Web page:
The Bowel Research UK Microbiome Garden explores the link between a healthy landscape, a healthy gut and a healthy mind

The Bowel Research UK Microbiome Garden draws inspiration from medical and botanical research, exploring the fascinating connection between a healthy landscape and soil, a healthy gut, and a healthy mind. It aims to inspire people to rewild their diets, gardens and their relationship with the land.

The garden, which is in the ‘All About Plants’ category, is sponsored by Project Giving Back, the unique grant-giving charity that funds gardens for good causes at the RHS Chelsea Flower Show.

Created by talented young garden designers and RHS Chelsea debutants Sid Hill and Chris Hull, The Bowel Research UK Microbiome Garden includes an edible meadow focuses on the connection between the ecological health of a landscape and soil and the health of our own gut flora.  Informed by ancient cultures that have tended and harvested the landscape around them, Sid and Chris have designed a beautiful and diverse edible meadow from the environment around them that harnesses edible plants to improve both physical and mental health, using the gut microbiome as a catalyst.

The planting scheme takes inspiration from wild meadows, with a mix of ornamental grasses and edible perennials, offering a harvest for both people and wildlife. This pioneering ‘edible meadow’ combines a selection of feature plants including Persicaria bistorta, Camassia and Lupin luteus, to create a rich tapestry of yellows, blues and pinks. Although this trio of beautiful plants are commonly grown in gardens across the UK, few people know that they are great food crops too and they could offer a myriad of gut health benefits.

Sid Hill, who has 15 years of experience of managing a landscape business and holds a 1st Class Honours degree in Ethnobotany & Landscape Design from the Eden Project, said: “Current science indicates that cultivating plants in ecologically rich environments fosters diverse microbial communities. Including these plants in our diet facilitates the transfer of beneficial microbes to our digestive system and human microbiome, promoting a healthy bowel and overall physical well-being.”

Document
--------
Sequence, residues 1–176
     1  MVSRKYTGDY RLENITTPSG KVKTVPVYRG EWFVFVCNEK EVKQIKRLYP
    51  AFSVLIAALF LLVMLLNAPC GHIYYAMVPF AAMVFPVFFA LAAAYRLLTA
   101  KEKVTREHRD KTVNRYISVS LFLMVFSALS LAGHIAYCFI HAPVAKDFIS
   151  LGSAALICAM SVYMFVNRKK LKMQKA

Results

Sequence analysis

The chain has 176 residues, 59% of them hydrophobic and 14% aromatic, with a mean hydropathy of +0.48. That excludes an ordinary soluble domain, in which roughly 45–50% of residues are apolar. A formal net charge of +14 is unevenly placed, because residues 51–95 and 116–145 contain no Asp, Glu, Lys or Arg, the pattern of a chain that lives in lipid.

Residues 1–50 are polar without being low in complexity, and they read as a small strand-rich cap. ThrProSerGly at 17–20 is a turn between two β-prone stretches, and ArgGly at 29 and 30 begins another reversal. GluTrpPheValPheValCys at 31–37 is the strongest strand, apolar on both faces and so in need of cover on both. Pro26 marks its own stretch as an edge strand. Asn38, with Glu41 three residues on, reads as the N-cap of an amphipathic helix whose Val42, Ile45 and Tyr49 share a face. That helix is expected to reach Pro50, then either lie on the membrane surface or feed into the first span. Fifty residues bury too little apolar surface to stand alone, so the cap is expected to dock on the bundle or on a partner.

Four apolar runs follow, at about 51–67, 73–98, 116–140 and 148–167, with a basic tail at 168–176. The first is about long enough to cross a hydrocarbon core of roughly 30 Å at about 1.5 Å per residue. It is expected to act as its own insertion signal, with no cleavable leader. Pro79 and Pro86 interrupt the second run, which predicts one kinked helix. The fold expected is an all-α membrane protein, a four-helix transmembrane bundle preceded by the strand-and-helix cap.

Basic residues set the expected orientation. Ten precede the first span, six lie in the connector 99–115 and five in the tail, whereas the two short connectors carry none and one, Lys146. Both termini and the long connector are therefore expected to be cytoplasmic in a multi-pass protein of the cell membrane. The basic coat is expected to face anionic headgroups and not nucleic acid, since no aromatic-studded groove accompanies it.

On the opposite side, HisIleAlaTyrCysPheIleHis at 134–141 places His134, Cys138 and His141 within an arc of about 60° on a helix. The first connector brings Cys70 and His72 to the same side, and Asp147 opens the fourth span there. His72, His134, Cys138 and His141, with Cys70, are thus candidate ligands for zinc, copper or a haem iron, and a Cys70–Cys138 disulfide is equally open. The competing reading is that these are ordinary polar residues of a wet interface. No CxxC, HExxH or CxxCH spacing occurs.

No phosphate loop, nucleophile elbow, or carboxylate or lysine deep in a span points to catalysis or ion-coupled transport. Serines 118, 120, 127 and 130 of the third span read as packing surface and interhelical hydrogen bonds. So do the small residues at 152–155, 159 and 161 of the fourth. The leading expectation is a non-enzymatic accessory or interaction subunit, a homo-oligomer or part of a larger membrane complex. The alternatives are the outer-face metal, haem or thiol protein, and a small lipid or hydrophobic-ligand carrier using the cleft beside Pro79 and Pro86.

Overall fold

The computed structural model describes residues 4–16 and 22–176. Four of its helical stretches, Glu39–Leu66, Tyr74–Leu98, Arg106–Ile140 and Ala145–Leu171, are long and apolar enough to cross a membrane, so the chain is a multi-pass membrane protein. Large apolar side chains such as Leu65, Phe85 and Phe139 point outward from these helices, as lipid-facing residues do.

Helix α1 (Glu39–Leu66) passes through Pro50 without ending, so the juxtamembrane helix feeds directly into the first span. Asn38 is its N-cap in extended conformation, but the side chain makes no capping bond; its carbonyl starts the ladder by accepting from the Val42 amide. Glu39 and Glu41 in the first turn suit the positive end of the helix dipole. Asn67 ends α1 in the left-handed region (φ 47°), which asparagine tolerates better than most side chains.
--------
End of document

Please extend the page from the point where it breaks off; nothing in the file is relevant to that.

Chris Hull, who has over 16 years’ experience working in horticulture and garden design and who is also a regular presenter on the hit BBC TV show Garden Rescue, said: “Studies show that mental health issues such as anxiety and depression could be prevented and treated by creating a healthy balance of gut flora. It’s no secret that just being in green space can improve your mental well-being, but what’s better than using beautiful, ecologically rich plants which have pro- and prebiotic benefits too.”

Bowel Research UK, which supports early career medical researchers, are delighted to be collaborating with designers who are creating their first garden for RHS Chelsea Flower Show.

Lynn Dunne, Chief Executive Officer of Bowel Research UK, said: “We are thrilled to be hosting a garden at the Chelsea Flower Show, which is a first for our charity and a big honour.

“Our Chelsea garden has a direct link to the research we fund into the gut microbiome, including a study by the research team at Imperial College that opens up the very exciting prospect of being able to offer precision medicine for bowel cancer patients around their individual gut microbiota. Moreover, there is so much more to discover about the effects of the microbiome on bowel disease outcomes which is why we are keen to support more research projects in this field.”

Following RHS Chelsea Flower Show, the garden will be relocated to the Apricot Centre in Totnes, Devon, which runs a sustainable farm helping children and families understand the fundamental link between the wellbeing of the soil, food and habitat, and the mental and physical health of the people who work in and around its farm.

Your Microbiome

The microbiome is the collection of bacteria, fungi, viruses, and their genes, that naturally live on our bodies and inside us. Although these so small that they require a microscope to see them, they contribute in big ways to human health, bowel health, mental health and overall wellness.

They protect us against infections, help our immune system develop, take care of our mind and body and enable us to digest food to produce energy.

Some microbes alter environmental substances in ways that make them more toxic, while others act as a buffer and make toxins less harmful.

Because the microbiome is a key interface between the body and the environment, these microbes can affect health in many ways. Research has shown that the gut microbiome has roles in many different conditions , but this also means it offers new ways to treat diseases.

We can get these microbes from the food we eat, the plants we grow, and the soil we grow them in.

The key questions

Research has yielded tremendous insight into the links between the gut microbiome, environmental exposures, and human health. Yet big questions remain and these include:

  1. What are the links between what we eat, the soil and plants and our overall health?
  2. What information about the microbiome should be collected to understand how the microbiome responds to environmental exposures?
  3. How can we alter the gut microbiome to prevent and treat bowel disease?

By shining a spotlight on this, we hope to find the answers to these questions, and by funding research we will get those answers quicker.

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Bowel Research UK's RHS Chelsea Flower Show Garden